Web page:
Viewing projects through multiple lenses can also lead to the early discovery of redundant or conflicting requirements, while ensuring efficient resource use and minimizing end-user confusion. "Looking at multiple projects together, using various lenses, may reveal opportunities to bundle software changes and streamline all of the associated project work, benefiting both project resources and their stakeholders," Guerrero says.
While many IT leaders take pride in their multitasking capabilities, attempting to do too many things at once can erode judgment and lead to critical errors that, in the long run, actually lengthen a project's development time. "Trying to juggle multiple IT projects when you're distracted or disorganized not only affects the broader team, but also makes the organization more confused about assigning resources across the projects," explains Vince Padua, chief innovation and technology officer at Axway, an API management and integration software platform provider.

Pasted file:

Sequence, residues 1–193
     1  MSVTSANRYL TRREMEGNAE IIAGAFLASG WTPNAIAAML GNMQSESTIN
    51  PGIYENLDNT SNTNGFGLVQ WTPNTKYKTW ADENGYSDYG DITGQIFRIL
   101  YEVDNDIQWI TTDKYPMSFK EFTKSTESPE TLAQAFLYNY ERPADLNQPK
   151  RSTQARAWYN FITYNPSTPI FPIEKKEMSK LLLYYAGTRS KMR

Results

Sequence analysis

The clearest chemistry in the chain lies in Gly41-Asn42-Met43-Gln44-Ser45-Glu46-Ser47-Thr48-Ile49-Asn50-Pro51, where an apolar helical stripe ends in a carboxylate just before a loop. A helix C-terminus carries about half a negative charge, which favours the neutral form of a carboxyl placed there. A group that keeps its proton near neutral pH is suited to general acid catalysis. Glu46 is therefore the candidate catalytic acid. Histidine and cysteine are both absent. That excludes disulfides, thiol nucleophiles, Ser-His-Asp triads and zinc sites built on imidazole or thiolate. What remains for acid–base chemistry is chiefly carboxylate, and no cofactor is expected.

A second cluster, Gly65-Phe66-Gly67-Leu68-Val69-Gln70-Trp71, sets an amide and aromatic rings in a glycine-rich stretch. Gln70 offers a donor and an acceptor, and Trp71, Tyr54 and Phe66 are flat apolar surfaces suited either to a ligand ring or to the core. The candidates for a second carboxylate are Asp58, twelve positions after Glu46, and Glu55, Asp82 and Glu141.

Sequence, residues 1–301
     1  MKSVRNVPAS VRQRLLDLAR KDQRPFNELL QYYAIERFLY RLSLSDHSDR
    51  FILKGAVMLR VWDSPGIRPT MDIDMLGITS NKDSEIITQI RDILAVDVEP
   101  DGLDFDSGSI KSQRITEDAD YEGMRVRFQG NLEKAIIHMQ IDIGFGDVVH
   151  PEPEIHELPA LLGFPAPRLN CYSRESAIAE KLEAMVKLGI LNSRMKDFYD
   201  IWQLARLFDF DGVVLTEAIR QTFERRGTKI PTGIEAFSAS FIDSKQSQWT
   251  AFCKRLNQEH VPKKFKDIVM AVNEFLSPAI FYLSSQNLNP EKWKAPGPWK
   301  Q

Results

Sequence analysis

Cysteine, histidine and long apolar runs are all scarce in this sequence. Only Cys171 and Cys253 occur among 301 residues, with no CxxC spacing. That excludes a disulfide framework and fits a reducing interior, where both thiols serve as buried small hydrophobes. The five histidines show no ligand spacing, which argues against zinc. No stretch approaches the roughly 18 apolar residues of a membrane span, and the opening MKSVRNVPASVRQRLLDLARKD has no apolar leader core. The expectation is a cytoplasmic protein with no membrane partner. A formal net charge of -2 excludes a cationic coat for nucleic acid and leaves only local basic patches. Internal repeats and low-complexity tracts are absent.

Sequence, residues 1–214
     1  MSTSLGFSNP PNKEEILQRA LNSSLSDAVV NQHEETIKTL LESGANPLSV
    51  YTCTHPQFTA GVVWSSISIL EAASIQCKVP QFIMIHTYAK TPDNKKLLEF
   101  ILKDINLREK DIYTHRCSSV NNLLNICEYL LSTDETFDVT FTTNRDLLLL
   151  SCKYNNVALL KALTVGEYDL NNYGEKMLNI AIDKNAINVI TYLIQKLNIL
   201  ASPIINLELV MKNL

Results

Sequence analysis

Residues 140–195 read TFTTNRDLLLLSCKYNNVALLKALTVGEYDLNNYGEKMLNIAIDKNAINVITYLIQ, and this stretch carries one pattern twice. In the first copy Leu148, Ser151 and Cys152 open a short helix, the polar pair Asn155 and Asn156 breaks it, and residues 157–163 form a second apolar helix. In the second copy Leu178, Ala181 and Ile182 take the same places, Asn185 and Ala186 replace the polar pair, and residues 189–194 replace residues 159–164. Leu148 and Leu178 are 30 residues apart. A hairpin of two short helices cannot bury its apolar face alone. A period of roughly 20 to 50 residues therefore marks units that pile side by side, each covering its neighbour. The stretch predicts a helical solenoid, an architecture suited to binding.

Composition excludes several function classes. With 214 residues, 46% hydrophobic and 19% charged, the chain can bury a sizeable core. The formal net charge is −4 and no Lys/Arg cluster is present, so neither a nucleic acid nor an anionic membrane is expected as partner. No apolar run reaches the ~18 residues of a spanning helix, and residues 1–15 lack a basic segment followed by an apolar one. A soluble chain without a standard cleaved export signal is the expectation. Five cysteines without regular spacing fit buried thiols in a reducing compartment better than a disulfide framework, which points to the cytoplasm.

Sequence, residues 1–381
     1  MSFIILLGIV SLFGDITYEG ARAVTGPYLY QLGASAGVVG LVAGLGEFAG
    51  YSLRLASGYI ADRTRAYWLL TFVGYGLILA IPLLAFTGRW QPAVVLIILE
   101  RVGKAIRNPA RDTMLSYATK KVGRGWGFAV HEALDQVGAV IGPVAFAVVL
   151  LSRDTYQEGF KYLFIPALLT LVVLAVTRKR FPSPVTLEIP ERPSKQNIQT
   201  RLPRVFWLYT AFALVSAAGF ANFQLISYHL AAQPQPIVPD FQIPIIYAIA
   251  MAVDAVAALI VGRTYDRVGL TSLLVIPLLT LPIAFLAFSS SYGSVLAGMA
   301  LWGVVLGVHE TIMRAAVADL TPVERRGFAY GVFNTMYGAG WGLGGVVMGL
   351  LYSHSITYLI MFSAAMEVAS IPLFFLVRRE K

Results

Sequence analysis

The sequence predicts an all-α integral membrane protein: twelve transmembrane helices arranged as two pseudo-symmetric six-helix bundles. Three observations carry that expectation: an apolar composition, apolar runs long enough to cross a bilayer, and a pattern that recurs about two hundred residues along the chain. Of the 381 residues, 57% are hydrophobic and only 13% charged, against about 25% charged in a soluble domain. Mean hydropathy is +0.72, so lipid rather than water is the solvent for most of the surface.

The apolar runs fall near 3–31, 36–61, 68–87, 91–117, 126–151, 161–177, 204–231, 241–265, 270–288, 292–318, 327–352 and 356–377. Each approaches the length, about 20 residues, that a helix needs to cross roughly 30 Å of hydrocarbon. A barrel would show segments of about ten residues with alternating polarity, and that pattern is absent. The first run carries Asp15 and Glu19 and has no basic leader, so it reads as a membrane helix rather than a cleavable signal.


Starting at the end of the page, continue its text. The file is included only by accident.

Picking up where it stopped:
To achieve order, structure, and stability, smart IT leaders set aside distractions and stick to a detailed, consistent plan for each project. Task management tools, such as Trello and SmartSheet, allow beleaguered leaders to observe team progress and assign tasks to specific individuals while keeping track of every step in each project.
When supervising multiple projects, Padua suggests beginning with the end in mind. “Know what the ... organization's priorities are and then rigorously align your time, the teams' efforts and resources to the overall objectives," he advises. "This will carry you through those chaotic times when balancing multiple projects seems especially daunting."
Author: John Edwards
John Edwards is a veteran business technology journalist. His work has appeared in The New York Times, The Washington Post, and numerous business and technology publications.